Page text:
Kenya drops cocaine smuggling charges against British aristocrat

In this file photo taken on November 11, 2016 British national Jack Marrian (R), who faces charges of trafficking 100 kilos of cocaine from Brazil to the port of Mombasa, watches as a slab of cocaine is presented as evidence at the Criminal Investigation Department (CID) headquarters, Nairobi. (AFP)
Updated 14 March 2019
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Kenya drops cocaine smuggling charges against British aristocrat

  • One hundred kilos of cocaine, said to be worth around $6 million, were seized from a shipping container owned by sugar trader Jack Marrian

NAIROBI: Kenya’s High Court acquitted a British aristocrat on Thursday of smuggling cocaine in a shipment of sugar, ending a high-profile case that captured public interest in how the justice system would treat the scion of a prominent colonial-era family.
One hundred kilos of cocaine, said to be worth around $6 million, were seized from a shipping container owned by sugar trader Jack Marrian in the Kenyan port of Mombasa in July 2016. Marrian’s colleague Roy Mwanthi was also charged.
Marrian, grandson of a Scottish earl, has always maintained that they were framed. The prosecution applied to terminate the case for lack of evidence, but six weeks ago a magistrate in a lower court refused to drop the charges.
“The court was in essence directing a prosecution against accused persons against the wish of the prosecution, without a complainant and a prosecutor,” High Court Judge Luka Kimaru wrote in Thursday’s ruling dismissing the case.
“Hugely relieved that after so long the prosecution has had the courage to do the right thing,” Marrian told Reuters via a message on WhatsApp. The case against Mwanthi was also dropped.
During the trial the defense team presented a letter from the US Drug Enforcement Administration (DEA) stating that Marrian, 33, could have had no knowledge that the drugs were stashed in a shipment which was en route from Brazil to Uganda.
The grandson of the sixth Earl of Cawdor, Marrian grew up in Kenya, where his grandfather was a minister in the colonial government ahead of independence in 1963.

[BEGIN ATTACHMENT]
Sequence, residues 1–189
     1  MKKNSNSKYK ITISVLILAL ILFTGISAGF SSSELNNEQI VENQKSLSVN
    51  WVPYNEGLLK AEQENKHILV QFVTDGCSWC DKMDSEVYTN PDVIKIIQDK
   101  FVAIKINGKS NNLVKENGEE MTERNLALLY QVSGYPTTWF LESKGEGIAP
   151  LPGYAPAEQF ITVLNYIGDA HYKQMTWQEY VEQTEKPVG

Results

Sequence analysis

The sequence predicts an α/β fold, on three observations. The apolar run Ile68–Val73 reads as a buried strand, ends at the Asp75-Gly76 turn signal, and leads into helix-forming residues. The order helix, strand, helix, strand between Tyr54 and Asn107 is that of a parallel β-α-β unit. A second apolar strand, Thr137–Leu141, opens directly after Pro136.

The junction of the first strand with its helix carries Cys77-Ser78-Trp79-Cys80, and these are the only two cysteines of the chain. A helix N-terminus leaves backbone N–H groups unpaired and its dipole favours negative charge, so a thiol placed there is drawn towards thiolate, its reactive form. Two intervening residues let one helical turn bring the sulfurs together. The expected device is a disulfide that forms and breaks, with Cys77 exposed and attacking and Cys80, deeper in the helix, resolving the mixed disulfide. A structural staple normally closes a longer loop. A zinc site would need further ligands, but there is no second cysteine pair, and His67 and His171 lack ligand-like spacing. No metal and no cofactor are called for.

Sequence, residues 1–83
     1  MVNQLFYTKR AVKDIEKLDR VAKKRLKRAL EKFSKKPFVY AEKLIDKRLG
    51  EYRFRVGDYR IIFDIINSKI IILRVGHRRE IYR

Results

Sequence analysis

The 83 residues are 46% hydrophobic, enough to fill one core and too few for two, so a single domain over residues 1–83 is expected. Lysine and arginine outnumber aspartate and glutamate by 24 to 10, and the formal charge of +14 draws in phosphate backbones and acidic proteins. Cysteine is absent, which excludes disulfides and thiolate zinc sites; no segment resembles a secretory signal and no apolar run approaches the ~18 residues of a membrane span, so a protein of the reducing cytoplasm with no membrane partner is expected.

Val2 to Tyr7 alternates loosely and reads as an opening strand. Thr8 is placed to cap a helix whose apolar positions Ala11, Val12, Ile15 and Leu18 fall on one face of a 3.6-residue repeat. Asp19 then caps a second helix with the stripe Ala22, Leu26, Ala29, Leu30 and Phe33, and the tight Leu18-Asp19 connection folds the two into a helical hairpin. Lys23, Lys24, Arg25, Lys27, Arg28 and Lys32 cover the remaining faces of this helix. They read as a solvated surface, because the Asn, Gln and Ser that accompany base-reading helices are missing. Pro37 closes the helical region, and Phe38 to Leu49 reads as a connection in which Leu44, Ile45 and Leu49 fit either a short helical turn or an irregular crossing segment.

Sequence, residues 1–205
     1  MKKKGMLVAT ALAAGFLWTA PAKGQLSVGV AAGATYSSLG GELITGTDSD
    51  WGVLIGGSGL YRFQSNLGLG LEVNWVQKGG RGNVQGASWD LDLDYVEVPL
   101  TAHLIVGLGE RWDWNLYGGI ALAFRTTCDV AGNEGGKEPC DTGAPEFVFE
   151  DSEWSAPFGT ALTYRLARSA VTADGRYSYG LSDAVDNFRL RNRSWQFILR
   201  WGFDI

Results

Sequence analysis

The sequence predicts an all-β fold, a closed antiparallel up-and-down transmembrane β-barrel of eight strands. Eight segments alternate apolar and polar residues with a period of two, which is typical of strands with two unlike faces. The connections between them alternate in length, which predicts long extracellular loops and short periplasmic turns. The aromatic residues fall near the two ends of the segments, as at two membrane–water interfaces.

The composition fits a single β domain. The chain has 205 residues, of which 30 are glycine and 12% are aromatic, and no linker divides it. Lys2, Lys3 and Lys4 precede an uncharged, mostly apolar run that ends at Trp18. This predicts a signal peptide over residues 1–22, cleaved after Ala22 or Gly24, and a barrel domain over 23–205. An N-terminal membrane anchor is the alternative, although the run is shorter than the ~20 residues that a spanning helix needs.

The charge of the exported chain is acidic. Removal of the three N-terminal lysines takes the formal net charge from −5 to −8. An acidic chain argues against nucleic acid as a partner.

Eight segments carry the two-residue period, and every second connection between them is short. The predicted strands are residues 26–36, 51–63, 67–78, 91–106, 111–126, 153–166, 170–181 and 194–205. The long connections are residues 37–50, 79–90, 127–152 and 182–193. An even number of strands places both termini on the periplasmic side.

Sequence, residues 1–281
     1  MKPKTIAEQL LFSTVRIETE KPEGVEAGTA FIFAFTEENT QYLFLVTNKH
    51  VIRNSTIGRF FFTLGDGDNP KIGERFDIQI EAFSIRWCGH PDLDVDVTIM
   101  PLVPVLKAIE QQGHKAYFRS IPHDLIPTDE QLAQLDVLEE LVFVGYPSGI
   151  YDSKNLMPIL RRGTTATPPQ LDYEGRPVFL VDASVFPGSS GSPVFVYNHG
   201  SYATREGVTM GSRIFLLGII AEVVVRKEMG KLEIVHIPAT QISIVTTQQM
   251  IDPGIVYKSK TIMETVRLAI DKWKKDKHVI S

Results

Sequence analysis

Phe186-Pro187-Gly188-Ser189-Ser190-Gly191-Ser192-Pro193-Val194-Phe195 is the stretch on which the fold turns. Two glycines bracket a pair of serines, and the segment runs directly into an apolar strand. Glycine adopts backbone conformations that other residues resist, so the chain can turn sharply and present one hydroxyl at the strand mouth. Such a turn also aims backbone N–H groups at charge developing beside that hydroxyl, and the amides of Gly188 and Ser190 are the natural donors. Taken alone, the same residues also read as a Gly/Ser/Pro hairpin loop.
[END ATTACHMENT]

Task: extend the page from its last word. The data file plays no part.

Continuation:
Mombasa is a favored port of entry for drug traffickers in east Africa, where the smuggling of cocaine, heroin, cannabis and amphetamine-type stimulants is on the rise, according to the United Nations.
Corruption among law enforcement and customs officials make the region a convenient transit point for drug trafficking to the rest of the continent, Europe, and north America.


Unspeakable grief: A husband, wife and three children wiped out in Sri Lanka

Updated 42 min 9 sec ago
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Unspeakable grief: A husband, wife and three children wiped out in Sri Lanka

  • The Gomez family gather for funeral of a husband and wife and their three sons
  • They were brutally killed as they attended Easter Sunday Mass at Colombo’s St. Joseph’s Shrine

COLOMBO: The dark wooden coffins, sitting side by side, attested to one family’s unspeakable grief.
The Gomez family gathered Tuesday to say a final farewell to five loved ones — a son, a daughter-in-law and three young grandsons — brutally killed as they attended Easter Sunday Mass at Colombo’s St. Joseph’s Shrine.
“All family, all generation, is lost,” said Joseph Gomez, the family patriarch, as tears welled in his eyes. Dozens of family members and neighbors were gathered in his simple home, where the sound of hymns sung by mourners gently wafted in the background and candles flickered beside three coffins. The bodies of two grandsons have yet to be recovered.
Across Sri Lanka, Tuesday was a national day of mourning as families began to lay to rest the more than 320 victims of the bomb blasts that struck a half-dozen churches and hotels in the island nation.
For the Gomez family, the loss was unfathomable: A 33-year-old son, Berlington Joseph, the young man’s 31-year-old wife Chandrika Arumugam, and their three boys, 9-year-old Bevon, 6-year-old Clavon and baby Avon, who would have turned 1 next week. A funeral card with a photo of the family clutched in his hands, the elder Gomez wailed: “I can’t bear this on me, I can’t bear this.”
“My eldest son, my eldest son,” he sobbed as he laid bouquets of red roses and brightly colored daisies on the largest coffin. Next to it was a tiny coffin, a photo of little Avon tucked into a wooden frame nearby.
The coffins, draped with long white tassels, were then carried to a Colombo cemetery and lowered into side-by-side graves.
At St. Joseph’s Shrine, dozens of mourners gathered outside, lighting candles and praying in unison for the victims of Sunday’s blasts as heavily armed soldiers stood guard.
At St. Sebastian Church in Negombo, a funeral service was held Tuesday for victims killed there as they worshipped, led by Cardinal Malcom Ranjith. The church was heavily guarded by hundreds of army, air force and police troops, and soldiers were deployed every 15 feet along the streets of the city some 20 miles north of Colombo.
Throughout the country, people observed a three-minute silence for the victims of the near-simultaneous attacks at three churches and three luxury hotels, and three other related blasts, the deadliest violence to strike Sri Lanka in a decade.
The Sri Lankan government has blamed the attack on National Towheed Jamaar, a little-known local extremist group, and on Tuesday, the Daesh group also claimed responsibility, though it provided no proof it was involved and has made unsubstantiated claims in the past.